Neville nodded nervously, but Moody made no further inquiries. Turning back to the class at large, he reached into the jar for the next spider and placed it upon the desktop, where it remained motionless, apparently too scared to move.

This is a scene from Harry Potter And the Goblet of Fire in which Moody showed three unforgivable curses to the students. After Moody had used a curse to torture the first spider, Neville Longbottom gave the second correct curse name: the Cruciatus Curse and Moody is poised to use it on the second spider.

"At large" has the meaning: at liberty; escaped or not yet captured.

"Turning back to the class at large" seems to be saying that Moody tortures spiders cruelly without fear of punishment?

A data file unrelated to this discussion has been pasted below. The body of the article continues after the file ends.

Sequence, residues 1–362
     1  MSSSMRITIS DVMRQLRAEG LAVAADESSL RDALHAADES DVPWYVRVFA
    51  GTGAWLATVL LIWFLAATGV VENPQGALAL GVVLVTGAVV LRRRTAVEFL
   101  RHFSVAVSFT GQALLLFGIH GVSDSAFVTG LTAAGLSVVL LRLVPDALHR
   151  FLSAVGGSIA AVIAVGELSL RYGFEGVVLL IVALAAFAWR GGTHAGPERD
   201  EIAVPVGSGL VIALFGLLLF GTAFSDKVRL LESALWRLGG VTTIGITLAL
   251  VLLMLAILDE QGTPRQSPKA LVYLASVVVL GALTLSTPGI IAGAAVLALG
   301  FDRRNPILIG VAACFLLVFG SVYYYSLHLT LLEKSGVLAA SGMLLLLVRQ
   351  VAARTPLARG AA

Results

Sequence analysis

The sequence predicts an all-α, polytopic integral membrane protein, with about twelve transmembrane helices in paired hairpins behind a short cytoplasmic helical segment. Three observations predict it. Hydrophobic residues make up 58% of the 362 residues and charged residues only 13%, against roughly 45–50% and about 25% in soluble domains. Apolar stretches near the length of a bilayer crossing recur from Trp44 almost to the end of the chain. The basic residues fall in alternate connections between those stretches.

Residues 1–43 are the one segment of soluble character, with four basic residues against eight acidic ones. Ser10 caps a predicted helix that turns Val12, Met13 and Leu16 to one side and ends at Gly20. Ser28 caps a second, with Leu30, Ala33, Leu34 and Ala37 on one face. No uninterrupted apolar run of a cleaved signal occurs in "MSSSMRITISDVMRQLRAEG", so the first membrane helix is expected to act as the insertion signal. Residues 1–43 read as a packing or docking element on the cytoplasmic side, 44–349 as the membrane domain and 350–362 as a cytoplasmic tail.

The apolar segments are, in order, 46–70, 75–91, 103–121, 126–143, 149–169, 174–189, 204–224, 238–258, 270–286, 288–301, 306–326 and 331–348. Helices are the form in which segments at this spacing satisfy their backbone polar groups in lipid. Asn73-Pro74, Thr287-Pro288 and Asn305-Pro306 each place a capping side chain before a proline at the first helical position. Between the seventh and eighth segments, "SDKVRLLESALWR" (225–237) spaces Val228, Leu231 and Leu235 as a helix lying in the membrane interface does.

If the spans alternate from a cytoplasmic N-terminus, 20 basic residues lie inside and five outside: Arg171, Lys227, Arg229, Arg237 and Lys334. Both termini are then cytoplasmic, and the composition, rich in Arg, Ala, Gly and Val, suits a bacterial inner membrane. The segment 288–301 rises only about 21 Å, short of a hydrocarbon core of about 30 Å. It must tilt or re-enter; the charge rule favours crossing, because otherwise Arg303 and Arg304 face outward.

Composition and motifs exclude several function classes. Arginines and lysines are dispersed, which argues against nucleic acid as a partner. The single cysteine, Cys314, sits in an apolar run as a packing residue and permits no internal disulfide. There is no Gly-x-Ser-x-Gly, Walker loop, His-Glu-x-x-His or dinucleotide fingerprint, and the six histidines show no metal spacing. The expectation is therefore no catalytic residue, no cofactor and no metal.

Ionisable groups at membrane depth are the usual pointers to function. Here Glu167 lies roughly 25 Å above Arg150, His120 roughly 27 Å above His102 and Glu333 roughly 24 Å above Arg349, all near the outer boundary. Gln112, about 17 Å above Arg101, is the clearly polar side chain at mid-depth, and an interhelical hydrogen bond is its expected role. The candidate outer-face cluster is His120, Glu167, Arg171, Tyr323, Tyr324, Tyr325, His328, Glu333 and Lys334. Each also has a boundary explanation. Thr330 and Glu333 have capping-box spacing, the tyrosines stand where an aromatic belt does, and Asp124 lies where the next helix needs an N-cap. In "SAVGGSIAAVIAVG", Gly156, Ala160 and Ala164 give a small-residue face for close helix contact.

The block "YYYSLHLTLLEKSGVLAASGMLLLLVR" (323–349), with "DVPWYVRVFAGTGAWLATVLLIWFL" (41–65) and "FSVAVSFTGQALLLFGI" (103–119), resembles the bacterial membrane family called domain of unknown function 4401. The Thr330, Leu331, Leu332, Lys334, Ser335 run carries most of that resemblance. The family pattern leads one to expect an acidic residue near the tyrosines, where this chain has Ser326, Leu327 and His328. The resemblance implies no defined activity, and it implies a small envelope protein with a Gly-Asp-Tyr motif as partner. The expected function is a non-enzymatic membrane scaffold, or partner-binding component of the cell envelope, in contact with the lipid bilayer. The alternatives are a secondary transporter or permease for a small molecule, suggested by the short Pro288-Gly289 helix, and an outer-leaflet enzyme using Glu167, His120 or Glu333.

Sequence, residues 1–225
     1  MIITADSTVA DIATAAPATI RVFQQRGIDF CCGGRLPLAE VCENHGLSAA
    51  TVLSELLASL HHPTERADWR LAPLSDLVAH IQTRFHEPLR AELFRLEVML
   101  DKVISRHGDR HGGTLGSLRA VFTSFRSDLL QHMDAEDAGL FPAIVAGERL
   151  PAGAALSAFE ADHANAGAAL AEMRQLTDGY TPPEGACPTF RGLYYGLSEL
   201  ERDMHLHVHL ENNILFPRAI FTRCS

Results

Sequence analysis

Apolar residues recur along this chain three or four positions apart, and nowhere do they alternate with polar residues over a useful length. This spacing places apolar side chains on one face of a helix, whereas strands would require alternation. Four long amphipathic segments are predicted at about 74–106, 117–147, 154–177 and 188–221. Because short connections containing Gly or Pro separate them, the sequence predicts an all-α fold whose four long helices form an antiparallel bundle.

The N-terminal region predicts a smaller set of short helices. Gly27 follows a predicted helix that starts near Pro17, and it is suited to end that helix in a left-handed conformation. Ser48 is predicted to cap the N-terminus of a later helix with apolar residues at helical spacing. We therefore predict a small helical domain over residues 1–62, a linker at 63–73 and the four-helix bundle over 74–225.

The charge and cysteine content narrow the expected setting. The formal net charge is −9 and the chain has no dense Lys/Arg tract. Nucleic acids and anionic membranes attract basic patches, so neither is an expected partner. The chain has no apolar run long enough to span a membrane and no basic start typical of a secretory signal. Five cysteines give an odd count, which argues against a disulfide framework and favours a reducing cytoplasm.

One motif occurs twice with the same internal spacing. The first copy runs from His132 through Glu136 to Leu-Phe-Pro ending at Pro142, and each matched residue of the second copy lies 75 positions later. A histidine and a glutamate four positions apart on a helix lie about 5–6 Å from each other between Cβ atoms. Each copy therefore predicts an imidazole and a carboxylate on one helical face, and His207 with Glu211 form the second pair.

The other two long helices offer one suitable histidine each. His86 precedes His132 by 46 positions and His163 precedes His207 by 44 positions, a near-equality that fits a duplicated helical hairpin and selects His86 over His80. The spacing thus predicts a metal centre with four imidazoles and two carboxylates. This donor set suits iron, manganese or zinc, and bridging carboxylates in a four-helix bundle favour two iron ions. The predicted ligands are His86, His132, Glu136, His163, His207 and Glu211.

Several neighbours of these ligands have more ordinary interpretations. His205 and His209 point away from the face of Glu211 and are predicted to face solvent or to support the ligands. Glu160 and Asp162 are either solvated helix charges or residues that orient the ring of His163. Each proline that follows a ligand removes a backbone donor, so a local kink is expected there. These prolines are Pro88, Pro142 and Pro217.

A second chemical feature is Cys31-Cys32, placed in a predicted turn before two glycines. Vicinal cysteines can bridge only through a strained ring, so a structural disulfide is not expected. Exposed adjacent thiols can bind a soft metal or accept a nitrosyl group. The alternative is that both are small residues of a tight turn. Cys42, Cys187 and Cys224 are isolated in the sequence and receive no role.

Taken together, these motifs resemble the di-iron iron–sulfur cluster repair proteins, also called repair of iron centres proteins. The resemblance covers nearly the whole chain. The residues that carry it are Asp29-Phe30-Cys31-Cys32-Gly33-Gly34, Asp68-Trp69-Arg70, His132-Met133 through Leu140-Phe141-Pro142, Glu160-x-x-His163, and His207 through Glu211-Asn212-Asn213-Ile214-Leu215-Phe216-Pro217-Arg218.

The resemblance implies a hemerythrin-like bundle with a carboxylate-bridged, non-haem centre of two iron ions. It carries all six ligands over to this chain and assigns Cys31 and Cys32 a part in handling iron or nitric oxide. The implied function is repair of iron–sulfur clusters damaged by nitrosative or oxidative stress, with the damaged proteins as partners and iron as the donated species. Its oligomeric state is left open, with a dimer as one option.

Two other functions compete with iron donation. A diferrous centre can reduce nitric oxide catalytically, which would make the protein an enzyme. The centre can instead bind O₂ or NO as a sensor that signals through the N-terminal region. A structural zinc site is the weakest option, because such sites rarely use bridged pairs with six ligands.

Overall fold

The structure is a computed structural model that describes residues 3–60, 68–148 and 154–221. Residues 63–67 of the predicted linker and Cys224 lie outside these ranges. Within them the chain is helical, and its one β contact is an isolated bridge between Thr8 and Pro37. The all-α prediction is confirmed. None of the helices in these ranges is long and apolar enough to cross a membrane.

• 2
    at large is an idiomatic expression. It has several possible meanings depending on the context. The at liberty, escaped sense is used when referring to criminals or a dangerous person/animal. In the example however, at large has a different meaning here. It means as a a whole. You could reword it as the whole class.
    – Billy Kerr
    Commented Jun 25, 2022 at 12:55

1 Answer 1


At large has different meanings: (Oxford Dictionary)

  1. ​(of a dangerous person or animal) not captured; free
    Her killer is still at large.
  1. (used after a noun) as a whole; in general
    the opinion of the public at large

This means that the teacher turned his/her attention back (from a particular student) to the whole class.

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